operator to check whether the run time type of an object is compatible with a given type. Use the is
operator in an expression of the form: expression is type
Now that you know how to use the .NET classes to dynamically load Types and invoke methods at run time, let's define the data validation rules and store that information. I'll refer to the data validation rules as metadata; that is, data that describes other data.
For Brierley & Partners' projects, we store metadata in a series of tables stored in a Microsoft SQL Server database. Using a series of metadata classes, we load the information from the database and make it available to any program that utilizes these classes. The sample code presented in the next section uses a simplified XML file to hold the validation information that applications will load at run time.
Deciding where to store the metadata is a secondary consideration. What is important is storing the information you need to do the actual validation. At a minimum you need to know the assembly name, the class Type, and the method name you want to invoke. You'll also need to know what parameters to pass to the validator and which class members you will be validating. Listing 1
demonstrates an XML document containing the data validation information.
This sample validation file defines the validation that will occur for a class named "Class2." There is one validator defined that uses a class Type StringValidation contained in an assembly named StringValidation. The validator method to call is named "Validate." It has four parameters defined: Min
, and Value
specifies the minimum length of the string, Max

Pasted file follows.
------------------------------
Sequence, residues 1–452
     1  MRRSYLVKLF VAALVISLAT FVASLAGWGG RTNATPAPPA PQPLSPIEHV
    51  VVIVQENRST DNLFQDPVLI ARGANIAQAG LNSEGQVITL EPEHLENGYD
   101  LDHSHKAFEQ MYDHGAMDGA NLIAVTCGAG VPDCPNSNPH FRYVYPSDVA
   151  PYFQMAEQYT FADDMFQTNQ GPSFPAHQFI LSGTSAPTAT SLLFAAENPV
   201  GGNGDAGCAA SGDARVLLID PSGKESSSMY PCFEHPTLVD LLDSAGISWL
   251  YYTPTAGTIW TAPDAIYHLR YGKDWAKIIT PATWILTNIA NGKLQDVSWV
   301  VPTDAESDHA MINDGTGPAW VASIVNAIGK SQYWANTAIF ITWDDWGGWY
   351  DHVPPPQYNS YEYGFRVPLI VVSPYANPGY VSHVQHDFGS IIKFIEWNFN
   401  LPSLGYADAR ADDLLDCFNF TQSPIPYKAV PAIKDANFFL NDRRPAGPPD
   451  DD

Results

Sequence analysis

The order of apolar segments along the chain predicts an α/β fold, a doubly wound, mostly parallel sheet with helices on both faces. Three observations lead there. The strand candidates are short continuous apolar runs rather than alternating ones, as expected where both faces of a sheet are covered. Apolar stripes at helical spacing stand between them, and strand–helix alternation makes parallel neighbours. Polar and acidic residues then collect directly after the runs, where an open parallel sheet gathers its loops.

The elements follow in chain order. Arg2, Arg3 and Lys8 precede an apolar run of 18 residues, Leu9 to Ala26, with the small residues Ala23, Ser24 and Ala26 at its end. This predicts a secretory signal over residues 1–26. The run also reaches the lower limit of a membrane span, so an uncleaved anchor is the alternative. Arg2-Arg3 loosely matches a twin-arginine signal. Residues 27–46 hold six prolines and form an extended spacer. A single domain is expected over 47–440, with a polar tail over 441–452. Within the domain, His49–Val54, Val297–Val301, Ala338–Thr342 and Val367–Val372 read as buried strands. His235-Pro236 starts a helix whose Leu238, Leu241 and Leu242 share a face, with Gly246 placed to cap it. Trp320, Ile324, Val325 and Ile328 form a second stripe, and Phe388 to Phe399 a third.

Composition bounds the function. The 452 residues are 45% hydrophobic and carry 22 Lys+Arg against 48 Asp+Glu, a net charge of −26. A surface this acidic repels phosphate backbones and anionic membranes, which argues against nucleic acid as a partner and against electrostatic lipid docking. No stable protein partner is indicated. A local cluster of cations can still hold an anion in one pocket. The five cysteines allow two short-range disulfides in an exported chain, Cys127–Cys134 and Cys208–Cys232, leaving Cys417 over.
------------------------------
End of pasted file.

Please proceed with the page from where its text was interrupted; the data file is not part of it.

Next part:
the maximum length of the string, Action
specifies what action (if any) to perform on the string (more about this later), and Value
, which is the value being passed to the validator. Each parameter has a type, which indicates that the parameter is a constructor parameter, an Invocation
parameter (used in the Validate
method), or both. The "Value" node of each parameter is used by the validator to perform initialization in the case of constructor parameters, and as the source data for the Validate
You'll notice that the "Value" node for the Value
parameter is the name of a class member. The sample builds a hash table containing a class member name as a key and the name of its property get/set as the value. It also uses a single class to perform all validation on the classes. If you know the name of a property you can use reflection to obtain a PropertyInfo object on a class based on the property name. The PropertyInfo class has GetValue
methods that you can invoke to retrieve/set the actual data contained in the class member.
Type t = obj.GetType();
PropertyInfo info = t.GetProperty("Foo");
String s = info.GetValue(obj, null).ToString();
Using validation metadata allows you to add, modify, and remove validation from class members without having to recompile any objects. You can also modify the validator and the metadata as needed without having to rebuild the main application.